To coincide with the release of my new book Crazy Horse: Where My Dead Lie Buried, I thought it would be fun to offer a tour that takes you to the actual places that figured so prominently in the life of the most famous of all Lakota warriors. The tour will allow you to visit locations where Crazy Horse actually stood, where he fought, and where he died after being stabbed by a soldier’s bayonet.

It’s been almost 140 years since the Lakota war chief Crazy Horse walked this earth, and many of the places where he roamed remain nearly unchanged from what they looked like during his time there.

Our Crazy Horse Tour this summer will take you to:

  • The Little Bighorn Battlefield – This is where Crazy Horse and some 1,500 – 2,000 Lakota and Cheyenne warriors defeated and killed Lt. Colonel George Armstrong Custer and over 260 of his men. It is today one of the most studied and debated battles of all-time. We’ll visit Last Stand Hill where Custer died, and Reno Hill where the Lakota and Cheyenne pinned down Major Marcus Reno’s and Captain Frederick Benteen’s troops during the fight. We’ll also tour locations off the National Monument site that most people never see.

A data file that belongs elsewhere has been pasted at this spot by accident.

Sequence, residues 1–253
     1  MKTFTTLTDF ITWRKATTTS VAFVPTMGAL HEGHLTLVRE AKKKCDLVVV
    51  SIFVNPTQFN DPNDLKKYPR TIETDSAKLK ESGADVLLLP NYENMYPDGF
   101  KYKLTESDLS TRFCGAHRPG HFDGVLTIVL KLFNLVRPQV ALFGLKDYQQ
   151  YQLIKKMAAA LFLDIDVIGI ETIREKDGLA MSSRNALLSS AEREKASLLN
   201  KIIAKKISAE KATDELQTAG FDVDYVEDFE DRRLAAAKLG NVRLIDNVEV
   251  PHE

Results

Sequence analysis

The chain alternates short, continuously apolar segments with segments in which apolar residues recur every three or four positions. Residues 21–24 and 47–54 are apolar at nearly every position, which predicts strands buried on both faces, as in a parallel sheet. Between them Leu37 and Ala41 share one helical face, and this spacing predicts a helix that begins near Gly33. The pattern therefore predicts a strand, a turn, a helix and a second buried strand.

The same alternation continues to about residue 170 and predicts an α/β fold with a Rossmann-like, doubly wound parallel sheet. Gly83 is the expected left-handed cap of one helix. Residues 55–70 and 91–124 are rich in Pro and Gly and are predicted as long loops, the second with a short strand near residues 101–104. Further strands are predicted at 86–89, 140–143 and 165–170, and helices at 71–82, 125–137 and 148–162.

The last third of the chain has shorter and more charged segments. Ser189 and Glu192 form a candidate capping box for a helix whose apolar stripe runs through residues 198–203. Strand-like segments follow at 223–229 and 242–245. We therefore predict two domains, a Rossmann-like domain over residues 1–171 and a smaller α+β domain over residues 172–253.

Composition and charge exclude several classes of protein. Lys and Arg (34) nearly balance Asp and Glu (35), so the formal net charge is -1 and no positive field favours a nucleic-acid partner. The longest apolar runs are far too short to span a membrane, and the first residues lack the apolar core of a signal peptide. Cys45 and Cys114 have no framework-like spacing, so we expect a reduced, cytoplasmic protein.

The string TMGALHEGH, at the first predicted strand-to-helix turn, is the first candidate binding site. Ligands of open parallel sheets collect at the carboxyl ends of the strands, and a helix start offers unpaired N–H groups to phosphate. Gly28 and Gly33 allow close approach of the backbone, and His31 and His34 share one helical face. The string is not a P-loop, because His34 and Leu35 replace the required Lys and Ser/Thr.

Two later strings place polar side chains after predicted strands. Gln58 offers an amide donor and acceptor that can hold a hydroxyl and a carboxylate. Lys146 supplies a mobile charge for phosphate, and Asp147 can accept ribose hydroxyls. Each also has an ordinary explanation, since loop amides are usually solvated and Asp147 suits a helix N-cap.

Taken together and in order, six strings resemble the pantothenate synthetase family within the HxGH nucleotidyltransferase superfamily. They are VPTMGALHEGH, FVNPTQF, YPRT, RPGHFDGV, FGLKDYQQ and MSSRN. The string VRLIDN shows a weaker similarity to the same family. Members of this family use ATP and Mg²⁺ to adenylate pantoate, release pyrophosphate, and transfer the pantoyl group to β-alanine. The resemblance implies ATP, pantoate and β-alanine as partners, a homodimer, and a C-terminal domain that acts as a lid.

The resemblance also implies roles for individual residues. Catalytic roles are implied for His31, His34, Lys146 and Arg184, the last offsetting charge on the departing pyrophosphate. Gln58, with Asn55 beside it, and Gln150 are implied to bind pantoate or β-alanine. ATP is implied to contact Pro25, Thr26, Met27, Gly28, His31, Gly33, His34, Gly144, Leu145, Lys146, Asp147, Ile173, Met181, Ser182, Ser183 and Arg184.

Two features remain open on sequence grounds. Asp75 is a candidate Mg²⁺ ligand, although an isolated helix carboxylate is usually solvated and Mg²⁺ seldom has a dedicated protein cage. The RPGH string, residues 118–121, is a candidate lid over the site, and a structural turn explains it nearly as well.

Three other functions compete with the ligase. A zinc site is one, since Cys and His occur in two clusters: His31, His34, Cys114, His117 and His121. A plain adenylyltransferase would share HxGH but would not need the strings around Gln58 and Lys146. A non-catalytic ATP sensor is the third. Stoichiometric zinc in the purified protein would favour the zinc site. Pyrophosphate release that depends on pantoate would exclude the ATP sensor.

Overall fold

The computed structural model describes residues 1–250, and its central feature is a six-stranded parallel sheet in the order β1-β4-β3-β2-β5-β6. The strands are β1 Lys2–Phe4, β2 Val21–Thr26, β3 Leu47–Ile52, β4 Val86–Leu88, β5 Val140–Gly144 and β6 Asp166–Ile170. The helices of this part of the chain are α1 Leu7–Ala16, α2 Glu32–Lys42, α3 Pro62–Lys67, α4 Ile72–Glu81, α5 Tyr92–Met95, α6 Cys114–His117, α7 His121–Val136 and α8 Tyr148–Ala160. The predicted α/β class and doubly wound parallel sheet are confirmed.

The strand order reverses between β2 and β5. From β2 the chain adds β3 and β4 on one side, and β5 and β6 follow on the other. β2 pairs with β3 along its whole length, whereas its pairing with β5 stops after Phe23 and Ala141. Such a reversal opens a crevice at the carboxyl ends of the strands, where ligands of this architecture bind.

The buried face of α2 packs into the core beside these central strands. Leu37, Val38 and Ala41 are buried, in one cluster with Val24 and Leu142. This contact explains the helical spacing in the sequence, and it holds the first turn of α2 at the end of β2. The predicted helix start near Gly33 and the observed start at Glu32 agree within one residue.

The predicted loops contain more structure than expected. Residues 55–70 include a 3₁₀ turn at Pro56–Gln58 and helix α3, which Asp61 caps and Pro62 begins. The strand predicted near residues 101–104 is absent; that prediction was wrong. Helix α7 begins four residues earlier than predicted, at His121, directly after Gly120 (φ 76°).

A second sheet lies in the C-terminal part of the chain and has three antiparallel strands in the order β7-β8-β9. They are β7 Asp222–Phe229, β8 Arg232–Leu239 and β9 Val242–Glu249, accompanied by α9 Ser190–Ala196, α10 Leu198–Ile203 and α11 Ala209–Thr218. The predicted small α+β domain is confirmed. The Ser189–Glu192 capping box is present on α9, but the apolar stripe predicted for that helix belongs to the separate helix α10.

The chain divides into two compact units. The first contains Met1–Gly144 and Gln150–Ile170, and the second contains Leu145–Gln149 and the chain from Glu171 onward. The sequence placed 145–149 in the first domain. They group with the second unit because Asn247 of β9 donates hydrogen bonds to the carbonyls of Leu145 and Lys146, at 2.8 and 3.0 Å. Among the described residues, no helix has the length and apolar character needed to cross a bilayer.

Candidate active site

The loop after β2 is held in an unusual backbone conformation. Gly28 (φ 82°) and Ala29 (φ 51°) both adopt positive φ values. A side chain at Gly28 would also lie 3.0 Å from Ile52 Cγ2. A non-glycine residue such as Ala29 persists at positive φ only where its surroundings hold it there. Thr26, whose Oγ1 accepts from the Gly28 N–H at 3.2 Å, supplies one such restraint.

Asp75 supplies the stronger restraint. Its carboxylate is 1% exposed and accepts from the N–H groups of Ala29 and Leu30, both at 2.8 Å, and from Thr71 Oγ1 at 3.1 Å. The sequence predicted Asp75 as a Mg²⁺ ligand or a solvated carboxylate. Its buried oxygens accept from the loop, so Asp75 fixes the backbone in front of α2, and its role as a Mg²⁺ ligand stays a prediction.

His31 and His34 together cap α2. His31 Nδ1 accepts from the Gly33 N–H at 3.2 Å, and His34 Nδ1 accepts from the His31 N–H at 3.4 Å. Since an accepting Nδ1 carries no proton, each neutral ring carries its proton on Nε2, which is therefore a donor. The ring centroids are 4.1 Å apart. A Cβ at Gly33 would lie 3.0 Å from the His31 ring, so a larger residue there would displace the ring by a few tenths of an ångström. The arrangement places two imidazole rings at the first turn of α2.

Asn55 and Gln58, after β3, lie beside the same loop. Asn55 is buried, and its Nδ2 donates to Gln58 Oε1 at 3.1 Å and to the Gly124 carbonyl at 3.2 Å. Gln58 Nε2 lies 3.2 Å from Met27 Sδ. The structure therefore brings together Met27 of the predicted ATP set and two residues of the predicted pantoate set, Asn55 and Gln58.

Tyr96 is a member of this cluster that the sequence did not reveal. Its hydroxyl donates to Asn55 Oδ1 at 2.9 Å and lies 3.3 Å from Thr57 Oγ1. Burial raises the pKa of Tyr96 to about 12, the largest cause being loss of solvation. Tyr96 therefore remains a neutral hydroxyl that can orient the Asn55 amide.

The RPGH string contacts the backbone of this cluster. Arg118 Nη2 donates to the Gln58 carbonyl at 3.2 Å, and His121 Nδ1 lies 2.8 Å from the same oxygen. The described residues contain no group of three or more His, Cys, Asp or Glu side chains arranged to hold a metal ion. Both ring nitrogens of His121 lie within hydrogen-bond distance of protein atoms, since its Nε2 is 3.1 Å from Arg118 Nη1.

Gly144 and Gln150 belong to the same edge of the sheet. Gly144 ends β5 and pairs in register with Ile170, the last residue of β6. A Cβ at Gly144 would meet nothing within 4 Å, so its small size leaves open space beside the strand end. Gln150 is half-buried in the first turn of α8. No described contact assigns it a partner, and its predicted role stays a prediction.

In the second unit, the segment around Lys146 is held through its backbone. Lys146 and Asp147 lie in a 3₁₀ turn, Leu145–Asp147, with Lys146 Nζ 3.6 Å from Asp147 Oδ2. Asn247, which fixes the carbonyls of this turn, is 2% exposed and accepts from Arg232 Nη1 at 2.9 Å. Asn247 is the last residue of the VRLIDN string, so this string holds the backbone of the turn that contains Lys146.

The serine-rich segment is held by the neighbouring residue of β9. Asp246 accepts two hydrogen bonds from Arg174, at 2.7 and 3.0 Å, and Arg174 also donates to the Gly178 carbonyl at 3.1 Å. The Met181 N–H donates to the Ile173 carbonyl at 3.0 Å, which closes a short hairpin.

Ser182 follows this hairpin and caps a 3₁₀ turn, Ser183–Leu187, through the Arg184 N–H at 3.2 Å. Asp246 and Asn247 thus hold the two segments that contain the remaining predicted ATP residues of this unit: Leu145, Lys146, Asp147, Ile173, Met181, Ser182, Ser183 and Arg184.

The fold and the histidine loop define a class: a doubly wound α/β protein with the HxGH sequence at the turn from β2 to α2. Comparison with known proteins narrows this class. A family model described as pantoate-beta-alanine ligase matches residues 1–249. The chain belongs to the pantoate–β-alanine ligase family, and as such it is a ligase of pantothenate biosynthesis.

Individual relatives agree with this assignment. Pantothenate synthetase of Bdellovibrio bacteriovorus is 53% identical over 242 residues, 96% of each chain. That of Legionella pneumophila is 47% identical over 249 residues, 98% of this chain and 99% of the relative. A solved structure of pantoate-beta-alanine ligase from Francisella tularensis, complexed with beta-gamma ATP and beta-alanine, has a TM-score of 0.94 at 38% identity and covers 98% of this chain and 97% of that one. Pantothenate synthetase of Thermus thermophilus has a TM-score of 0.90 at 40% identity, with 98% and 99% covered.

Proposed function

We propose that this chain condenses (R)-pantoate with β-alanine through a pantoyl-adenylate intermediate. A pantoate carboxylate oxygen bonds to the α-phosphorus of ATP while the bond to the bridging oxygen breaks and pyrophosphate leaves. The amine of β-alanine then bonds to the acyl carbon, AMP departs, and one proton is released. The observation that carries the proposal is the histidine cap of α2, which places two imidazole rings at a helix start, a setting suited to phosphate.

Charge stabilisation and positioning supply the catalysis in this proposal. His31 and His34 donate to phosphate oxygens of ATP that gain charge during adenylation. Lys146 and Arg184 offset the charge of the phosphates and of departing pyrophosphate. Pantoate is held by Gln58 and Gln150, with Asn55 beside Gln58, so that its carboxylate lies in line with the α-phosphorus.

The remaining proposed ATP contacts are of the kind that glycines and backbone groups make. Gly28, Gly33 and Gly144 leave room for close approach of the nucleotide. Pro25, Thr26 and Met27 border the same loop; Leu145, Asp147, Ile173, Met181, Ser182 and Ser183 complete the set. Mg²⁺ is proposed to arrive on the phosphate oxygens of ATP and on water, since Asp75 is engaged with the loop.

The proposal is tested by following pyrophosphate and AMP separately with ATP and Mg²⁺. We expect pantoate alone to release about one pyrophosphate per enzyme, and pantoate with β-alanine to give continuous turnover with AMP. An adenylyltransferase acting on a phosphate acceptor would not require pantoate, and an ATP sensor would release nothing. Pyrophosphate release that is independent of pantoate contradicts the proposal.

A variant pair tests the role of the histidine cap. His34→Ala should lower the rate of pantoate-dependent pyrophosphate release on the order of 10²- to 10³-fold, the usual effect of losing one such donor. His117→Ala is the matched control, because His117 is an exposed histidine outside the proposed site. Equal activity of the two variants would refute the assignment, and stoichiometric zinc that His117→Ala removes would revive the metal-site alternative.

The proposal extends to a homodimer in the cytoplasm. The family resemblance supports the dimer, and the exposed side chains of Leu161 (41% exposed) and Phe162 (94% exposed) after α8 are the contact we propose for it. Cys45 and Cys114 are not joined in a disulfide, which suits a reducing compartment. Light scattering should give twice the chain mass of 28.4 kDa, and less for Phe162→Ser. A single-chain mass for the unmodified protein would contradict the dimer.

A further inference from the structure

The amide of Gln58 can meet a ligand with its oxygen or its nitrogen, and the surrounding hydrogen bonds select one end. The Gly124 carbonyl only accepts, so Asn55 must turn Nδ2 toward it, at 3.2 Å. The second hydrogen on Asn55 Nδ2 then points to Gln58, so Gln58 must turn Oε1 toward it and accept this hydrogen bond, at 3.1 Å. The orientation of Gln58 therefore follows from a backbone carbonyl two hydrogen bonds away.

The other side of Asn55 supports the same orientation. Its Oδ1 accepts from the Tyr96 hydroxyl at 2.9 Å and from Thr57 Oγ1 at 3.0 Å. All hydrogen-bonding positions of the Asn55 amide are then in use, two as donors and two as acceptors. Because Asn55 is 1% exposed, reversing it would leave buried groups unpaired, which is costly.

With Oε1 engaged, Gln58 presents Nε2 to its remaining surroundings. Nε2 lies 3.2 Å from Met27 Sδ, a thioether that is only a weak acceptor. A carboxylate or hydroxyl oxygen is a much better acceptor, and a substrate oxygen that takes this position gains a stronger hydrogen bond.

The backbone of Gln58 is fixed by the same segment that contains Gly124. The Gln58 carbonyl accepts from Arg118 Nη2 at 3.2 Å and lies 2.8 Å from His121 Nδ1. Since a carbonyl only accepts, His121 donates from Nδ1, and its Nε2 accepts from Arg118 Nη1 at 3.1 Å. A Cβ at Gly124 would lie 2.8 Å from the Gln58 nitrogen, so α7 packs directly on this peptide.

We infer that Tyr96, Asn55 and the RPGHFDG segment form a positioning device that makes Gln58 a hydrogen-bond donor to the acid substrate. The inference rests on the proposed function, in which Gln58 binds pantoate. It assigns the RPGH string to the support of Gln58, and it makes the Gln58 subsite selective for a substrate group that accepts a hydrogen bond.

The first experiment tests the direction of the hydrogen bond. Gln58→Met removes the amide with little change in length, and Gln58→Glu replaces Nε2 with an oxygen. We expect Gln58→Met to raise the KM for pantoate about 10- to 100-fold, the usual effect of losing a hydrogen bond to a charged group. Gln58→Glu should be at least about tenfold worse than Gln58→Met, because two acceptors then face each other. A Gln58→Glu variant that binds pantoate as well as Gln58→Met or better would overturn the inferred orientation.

• Fort Phil Kearny/Fetterman Battlefield – Here Crazy Horse led a decoy party that resulted in wiping out an entire company of U.S. Soldiers led by William J. Fetterman. You will walk the ridge that Crazy Horse led the soldiers down, and see where the 1500 warriors rose up from their hiding places below to overwhelm them. We’ll also tour the grounds of Fort Phil Kearny in the shadow of the Bighorn Mountains. In the late afternoon, we’ll enjoy a catered BBQ at the fort with a special guest speaker.
  • Fort Robinson/Red Cloud Agency – Called Camp Robinson when Crazy Horse was there, you will stand on the ground where Crazy Horse collapsed after being stabbed by a soldier while he resisted being taken to the army guardhouse. We will also visit the site of the Red Cloud Agency where Crazy Horse spent the last few months of his life.

Camp-RobinsonIn addition to visiting these sites, we’ll also see:

  • The Powder River Country – This is the land that Crazy Horse and his Lakota called home.
  • The Tongue River – Where the Lakota often spent the winter months.
  • Crazy Horse Memorial – Here they are carving the image of Crazy Horse right into the mountainside.

Our Crazy Horse Tour will be July 24-29, 2016. Reserve your spot and get more info on the tour by clicking the Crazy Horse Tour link above or just click here.